I certainly don't use all of the techniques Brown mentions, although I might use more of them were I following a course of study rather than just reading for pleasure and edification. You might use a different combination of techniques, or use them in a different way. But reading Make It Stick helped me reflect on my own reading habits, and my reviewing habits as well, and why sometimes I feel torn between wanting to review a book while simultaneously being wrapped up reading another book, and how both difficult and ultimately rewarding it is to go back, and summarize and put my thoughts on a book on paper after it has had time to marinate in my brain for a while.
For a while I struggled with my inclination to want to go back and reflect on what I had read. My inclination is to read then put the book aside and do something else, even watch tv, then come back, write down what I thought I had read, refer once again to the book to test my own memory and then come back again, usually later, to write my own reflections and elaborations on what I had read. This functions well as a technique for making the knowledge mine. This often takes days if not weeks. Sometimes I wonder if I make things too hard for myself. It feels hard, but actually having to work hard on memory, cements that memory more firmly in place. Restating new information in my own words, associating it with something I already know or an issue I am already struggling with, embeds that knowledge in my own neural pathways.
In the same way, my own tendency to interleave my reading materials by reading several books simultaneously, as well as the distractions caused by the general hubbub of life, helps to solidify the impression made by the book. The harder I have to work to retrieve the memory, the more likely the memory is to stick. When I was young I thought I wasn't very smart because I had to work so hard, rewriting and quizzing myself in order to fully absorb things. I was envious of those who read and underlined and made it look easy, even thought I knew that didn't work for me. It ends up that effortless study does not really help any of us; it is the effort that makes it stick. Although I didn't realize the impact then, my efforts paid off. As I mentioned, I was not cramming come exam week, although many of my classmates were. I already knew the material. I didn't have to crack my text, just review my own copiously rewritten notes, and quiz myself on a few points. It was my classmates who made it look so easy during the semester were up all night cramming their brains into oblivion, showing up with gray skin and dark circles under their eyes.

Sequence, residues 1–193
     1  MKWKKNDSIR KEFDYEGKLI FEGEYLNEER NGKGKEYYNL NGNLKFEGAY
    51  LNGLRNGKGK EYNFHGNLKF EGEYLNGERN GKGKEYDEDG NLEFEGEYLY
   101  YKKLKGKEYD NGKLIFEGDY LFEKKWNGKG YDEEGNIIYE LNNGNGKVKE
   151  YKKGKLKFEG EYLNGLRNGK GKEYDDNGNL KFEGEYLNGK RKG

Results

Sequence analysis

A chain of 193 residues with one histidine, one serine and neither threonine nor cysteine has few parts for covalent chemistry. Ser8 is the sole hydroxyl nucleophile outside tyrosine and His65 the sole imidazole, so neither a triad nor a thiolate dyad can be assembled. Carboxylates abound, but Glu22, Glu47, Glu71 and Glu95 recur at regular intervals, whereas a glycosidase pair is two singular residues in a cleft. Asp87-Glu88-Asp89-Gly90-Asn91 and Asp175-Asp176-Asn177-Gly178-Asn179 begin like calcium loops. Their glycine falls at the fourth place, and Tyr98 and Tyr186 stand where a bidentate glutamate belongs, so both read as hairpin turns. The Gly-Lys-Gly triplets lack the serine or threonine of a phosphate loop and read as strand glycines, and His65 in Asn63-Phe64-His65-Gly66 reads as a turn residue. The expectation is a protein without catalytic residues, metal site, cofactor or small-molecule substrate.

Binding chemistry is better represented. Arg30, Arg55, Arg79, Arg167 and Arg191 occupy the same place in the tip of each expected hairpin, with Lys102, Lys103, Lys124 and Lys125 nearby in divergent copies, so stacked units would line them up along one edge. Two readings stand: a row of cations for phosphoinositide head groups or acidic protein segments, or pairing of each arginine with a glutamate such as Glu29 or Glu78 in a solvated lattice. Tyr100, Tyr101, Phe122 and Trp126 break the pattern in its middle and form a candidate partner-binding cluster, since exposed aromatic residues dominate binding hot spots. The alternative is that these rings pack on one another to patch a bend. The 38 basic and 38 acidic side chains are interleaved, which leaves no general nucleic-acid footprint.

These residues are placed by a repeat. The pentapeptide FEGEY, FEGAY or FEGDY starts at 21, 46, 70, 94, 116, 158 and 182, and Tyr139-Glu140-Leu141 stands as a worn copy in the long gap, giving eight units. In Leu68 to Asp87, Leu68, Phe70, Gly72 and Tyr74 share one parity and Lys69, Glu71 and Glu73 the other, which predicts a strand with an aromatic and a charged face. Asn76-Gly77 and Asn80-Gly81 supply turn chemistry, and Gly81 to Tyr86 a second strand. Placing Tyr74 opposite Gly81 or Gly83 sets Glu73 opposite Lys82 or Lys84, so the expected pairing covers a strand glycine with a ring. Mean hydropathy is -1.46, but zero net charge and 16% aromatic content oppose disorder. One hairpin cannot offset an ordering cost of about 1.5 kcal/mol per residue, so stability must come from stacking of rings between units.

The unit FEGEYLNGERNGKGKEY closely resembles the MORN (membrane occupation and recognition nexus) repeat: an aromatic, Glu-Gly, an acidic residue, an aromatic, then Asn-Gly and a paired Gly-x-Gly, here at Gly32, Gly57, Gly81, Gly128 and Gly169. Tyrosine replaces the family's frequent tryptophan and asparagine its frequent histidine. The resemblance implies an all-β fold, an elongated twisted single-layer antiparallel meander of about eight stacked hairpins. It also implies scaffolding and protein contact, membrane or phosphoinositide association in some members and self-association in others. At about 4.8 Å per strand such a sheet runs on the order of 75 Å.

The point is to read or study, forget, at least partially, then retrieve. My own inclination to rewrite and reflect is a form of retrieval. I finished the actual reading of this book around the 30th of December. I finished my notes on January 2nd. It has taken me over a week to articulate what I wanted to say in this review, which is in effect, yet another final review and restatement of my thoughts on the book. It is completely different from my notes of the 2nd, which I reviewed briefly before sitting down to write this, and set aside.
Granted not all books are worth the effort. They should not be. We all need to rest, to escape, to wind down however we chose to do so, be it a beer with friends, a mindless television show, a silly book. Learn. Rest. Learn something else. Wander. Recall. Begin again.
One of the two books that I finished the first weekend of this year addressed this exact problem.